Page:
Much has been written about the difference in education outcomes between public and public-private partnership (PPP) schools. According to a review by Ark, so far there is insufficient or modest evidence linking PPPs—including contract schools, subsidies, and vouchers—with better learning outcomes (as distinct from evidence about public versus private [non-PPP] schools).
CGD Policy Blogs
The release of the World Bank’s World Development Report (WDR) is a milestone in the struggle to prepare the youth of today for the challenges of the world they will face. The report focuses on both the need to “get education right” and how to reform education systems to meet the challenge of preparing today’s youth to be tomorrow’s citizens, parents, community members, workers, and leaders. As we outline below, the WDR and our RISE programme share many core themes.
When Pratham used simple “report cards” to provide information about learning outcomes to villages in India, the intervention largely failed. There was no improvement in attendance of children or teachers, no improvement in learning outcomes; and parents, teachers, and village education committees did not become more engaged with the schools (Banerjee et al., 2010). However, when Pratham-trained youth volunteers offered basic reading classes outside of regular school, reading skills of children who attended improved substantially after one year. Why did information provision fail to improve learning outcomes?
Cheating scandals are all too common across both developing and developed countries. Scores on high-stakes exams can determine a child’s future through access to better education opportunities and career possibilities. This performance pressure can lead to intense studying, a market for tutoring and exam preparation, and, in the worst instances, widespread cheating that can involve students, parents, teachers and officials.
Contrary to popular opinion, there is little reliable evidence showing strong links between student achievement and teachers’ formal qualifications. On the other hand, numerous studies document the relationship between teachers’ classroom performance and student learning outcomes. Getting high-level and consistent performance from teachers in the classroom is central to improving delivery of education services. Yet the performance and effectiveness of teachers varies widely across and within education systems—and even within schools.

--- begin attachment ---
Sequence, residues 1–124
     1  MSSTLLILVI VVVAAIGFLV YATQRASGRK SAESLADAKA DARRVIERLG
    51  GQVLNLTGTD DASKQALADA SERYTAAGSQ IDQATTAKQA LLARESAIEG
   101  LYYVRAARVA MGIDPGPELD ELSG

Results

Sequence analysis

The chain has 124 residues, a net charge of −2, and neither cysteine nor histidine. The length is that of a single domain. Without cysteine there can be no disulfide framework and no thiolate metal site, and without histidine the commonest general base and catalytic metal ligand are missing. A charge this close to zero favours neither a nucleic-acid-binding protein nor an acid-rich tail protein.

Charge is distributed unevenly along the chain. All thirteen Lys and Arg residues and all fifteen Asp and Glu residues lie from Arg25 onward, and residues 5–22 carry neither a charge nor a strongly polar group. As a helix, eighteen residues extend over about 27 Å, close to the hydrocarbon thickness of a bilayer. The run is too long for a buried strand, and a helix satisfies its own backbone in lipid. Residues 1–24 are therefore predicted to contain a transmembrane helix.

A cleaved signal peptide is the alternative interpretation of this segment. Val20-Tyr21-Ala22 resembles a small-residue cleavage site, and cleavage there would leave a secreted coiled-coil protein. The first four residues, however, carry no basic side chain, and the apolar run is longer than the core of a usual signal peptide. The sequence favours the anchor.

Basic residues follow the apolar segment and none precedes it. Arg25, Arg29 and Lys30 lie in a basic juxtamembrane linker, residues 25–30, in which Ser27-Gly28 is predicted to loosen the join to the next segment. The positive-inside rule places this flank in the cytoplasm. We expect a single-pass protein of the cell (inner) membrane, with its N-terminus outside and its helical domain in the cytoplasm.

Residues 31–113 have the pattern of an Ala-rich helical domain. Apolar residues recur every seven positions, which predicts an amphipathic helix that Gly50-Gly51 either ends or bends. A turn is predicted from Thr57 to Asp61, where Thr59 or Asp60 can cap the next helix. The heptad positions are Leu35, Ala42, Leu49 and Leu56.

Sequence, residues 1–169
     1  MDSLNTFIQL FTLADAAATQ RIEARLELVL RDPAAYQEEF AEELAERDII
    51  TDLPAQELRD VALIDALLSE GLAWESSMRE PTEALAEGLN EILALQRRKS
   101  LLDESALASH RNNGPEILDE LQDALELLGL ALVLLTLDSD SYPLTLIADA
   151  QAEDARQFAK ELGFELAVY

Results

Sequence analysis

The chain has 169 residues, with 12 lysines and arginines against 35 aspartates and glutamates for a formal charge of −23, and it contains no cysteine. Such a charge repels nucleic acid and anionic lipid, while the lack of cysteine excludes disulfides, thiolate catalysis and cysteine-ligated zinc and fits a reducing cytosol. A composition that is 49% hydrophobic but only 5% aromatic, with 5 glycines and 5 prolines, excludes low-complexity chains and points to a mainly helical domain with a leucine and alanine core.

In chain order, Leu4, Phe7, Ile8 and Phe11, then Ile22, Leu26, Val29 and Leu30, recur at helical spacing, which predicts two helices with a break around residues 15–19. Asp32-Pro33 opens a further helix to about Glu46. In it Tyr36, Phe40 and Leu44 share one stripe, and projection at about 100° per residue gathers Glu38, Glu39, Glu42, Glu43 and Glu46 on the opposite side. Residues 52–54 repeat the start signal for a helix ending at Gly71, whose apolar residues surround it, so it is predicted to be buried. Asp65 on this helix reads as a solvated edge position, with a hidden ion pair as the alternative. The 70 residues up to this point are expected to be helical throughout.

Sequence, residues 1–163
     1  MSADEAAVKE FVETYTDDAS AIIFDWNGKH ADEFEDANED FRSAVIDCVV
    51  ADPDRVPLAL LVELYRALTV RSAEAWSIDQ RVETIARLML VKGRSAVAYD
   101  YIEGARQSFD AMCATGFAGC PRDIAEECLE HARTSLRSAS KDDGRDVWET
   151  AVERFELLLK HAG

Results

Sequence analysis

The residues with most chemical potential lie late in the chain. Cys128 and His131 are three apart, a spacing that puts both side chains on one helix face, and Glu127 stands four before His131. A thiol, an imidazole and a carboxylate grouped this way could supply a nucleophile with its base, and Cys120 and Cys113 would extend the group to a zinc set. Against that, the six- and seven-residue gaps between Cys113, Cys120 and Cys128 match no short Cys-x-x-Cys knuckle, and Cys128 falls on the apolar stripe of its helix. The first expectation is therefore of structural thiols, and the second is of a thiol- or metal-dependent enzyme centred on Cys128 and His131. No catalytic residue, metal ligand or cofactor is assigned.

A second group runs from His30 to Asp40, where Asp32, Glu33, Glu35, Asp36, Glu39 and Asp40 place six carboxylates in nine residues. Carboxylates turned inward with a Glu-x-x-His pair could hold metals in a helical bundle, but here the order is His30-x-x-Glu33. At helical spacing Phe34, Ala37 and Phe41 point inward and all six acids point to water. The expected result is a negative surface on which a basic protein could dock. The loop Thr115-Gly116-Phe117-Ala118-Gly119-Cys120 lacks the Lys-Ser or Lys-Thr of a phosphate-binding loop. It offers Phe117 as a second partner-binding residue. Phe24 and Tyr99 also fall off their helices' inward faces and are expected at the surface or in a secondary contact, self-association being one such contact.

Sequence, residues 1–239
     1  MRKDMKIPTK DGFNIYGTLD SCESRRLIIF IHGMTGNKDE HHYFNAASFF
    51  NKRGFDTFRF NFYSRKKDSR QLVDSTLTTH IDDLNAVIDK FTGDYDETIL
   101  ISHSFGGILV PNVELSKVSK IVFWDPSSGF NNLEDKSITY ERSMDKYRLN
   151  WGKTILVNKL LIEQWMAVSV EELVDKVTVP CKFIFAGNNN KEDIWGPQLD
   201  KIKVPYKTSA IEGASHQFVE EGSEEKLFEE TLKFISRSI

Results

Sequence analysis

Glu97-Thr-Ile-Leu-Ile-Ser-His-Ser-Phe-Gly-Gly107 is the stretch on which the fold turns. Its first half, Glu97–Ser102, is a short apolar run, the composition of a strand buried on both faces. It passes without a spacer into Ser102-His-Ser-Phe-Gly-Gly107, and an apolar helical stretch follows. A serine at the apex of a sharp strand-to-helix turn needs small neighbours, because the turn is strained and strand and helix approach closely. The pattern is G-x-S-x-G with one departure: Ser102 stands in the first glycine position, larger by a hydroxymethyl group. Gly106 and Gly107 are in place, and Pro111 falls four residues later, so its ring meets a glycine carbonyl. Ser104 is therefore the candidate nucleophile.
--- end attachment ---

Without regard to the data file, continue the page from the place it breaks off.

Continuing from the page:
Could absenteeism be caused by the poor learning taking place in classrooms? After all, with years of schooling without gains in basic foundational skills in reading and math, it is hardly surprising when children struggle to perform. But what would happen if children were taught by their actual learning levels rather than their grade?
Does broadening financial access to large segments of the population pose risks to financial stability? Not necessarily, according to recent remarks by IMF managing director Christine Lagarde. Increasing access to basic financial transactions such as payments does not threaten financial stability, especially when appropriate supervisory and regulatory frameworks are in place. In fact, with the right regulatory supervision, increased access to financial services can result in both micro and macro benefits. Recognizing the macroeconomic and regulatory dimensions of financial inclusion, CGD and the IMF joined forces for a seminar to kick off the IMF Spring Meetings 2016.
Poor regulation is a key obstacle to financial inclusion. An enabling regulatory environment is critical for creating incentives for businesses to offer innovative financial services to the poor, and for underserved customers to take up formal financial services.